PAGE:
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Kenyan hospitals not safe for patients, survey shows

By Gatonye Gathura | August 10th 2015

Your safety cannot be guaranteed in a majority of medical facilities in the country, according to a damning report published by the Ministry of Health.

Only 13 hospitals out of 493 public and private health facilities in 29 counties surveyed achieved a score greater than one on an ascending scale of 0-3.

Paralysed children from Busia begin treatment at the Kenyatta National Hospital.  The report on safety at hospitals emerges on the back of the Ministry of Health's admission that human error was responsible for the paralysing of the 28 children in Busia County who fell sick after a vaccination gone awry.


According to the Kenya Patient Safety Survey 2014 published by the Ministry of Health in February, this has resulted in numerous cases of medical negligence that have in some instances caused families anguish after losing their loved ones.

Details of the report emerged on the back of the Ministry of Health's admission that human error was responsible for the paralysing of 28 children in Busia County who fell sick after a vaccination gone awry.

According to Health Executive Morris Simiyu, medical malpractices may have been committed.

Of the 13 that scored more than one, says the report, 11 were private hospitals while only two were from the public sector.

"Overall safety compliance was relatively poor, with less than one per cent of public facilities and only about two per cent of private facilities achieving a score greater than one in all five areas of risks assessed," says the survey.

For example, less than six per cent of public hospitals achieved a score greater than one in having a competent and capable workforce.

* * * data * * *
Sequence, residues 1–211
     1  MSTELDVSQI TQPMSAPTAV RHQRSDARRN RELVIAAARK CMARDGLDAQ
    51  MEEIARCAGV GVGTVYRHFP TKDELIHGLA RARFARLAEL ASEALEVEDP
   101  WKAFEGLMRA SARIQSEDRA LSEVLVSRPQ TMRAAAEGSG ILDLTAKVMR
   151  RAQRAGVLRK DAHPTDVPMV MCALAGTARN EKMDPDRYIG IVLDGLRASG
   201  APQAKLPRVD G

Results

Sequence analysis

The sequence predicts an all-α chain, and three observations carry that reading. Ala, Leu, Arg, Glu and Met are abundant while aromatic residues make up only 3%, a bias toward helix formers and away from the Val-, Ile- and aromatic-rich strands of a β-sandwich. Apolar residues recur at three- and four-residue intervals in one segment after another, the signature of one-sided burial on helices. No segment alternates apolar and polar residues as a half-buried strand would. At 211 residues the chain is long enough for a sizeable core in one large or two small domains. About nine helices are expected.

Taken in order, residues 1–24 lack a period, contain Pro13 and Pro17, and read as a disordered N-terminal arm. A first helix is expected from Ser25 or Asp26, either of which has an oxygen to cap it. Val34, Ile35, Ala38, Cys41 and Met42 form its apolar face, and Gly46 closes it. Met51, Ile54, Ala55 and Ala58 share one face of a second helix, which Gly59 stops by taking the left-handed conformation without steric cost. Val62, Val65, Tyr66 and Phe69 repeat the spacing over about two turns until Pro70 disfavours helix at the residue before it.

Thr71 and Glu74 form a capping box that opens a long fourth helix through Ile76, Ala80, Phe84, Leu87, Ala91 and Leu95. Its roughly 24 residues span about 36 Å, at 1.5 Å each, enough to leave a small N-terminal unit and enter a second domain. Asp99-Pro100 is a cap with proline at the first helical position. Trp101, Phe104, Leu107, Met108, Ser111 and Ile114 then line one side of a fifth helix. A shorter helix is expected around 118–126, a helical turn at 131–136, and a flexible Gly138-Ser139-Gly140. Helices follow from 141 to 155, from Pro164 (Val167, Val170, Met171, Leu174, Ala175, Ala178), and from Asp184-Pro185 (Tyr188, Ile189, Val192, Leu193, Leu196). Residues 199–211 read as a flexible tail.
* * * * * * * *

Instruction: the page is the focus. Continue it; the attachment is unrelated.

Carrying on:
In the survey by the Ministry of Health, the World Bank, the World Health Organisation and the Danish SafeCare-PharmAccess, less than 10 per cent achieved a score greater than one in providing safe clinical care to patients.

Clinical care of patients was one of the five risk areas assessed and covered the safety of injections and medications, among others.

And 87 per cent of public hospitals did not have a system in place for the safe use of medicine, which was reflected in the private sector.

The ministry suggests county health facilities, as a start, adopt simple, cheap but effective intervention such as hand washing after every activity and procedure.

Training curricula

As a long-term solution, the survey suggests a change in the health training curricula to include patient safety and continuous professional development.

At the weekend, Director of Medical Services Nicholas Muraguri hinted on a possible review of the training of nurses countrywide.

"The nurse who treated the Bungoma children showed limited knowledge on the treatment guidelines for malaria in children," Dr Muraguri told The Standard.

The Ministry of Health has already prepared a Continuing Professional Development regulatory framework, which is mandatory for all working medical professionals in the country.

According to Health Cabinet Secretary James Macharia, every medical professional will be expected to put in at least 40 hours in on-job training annually.

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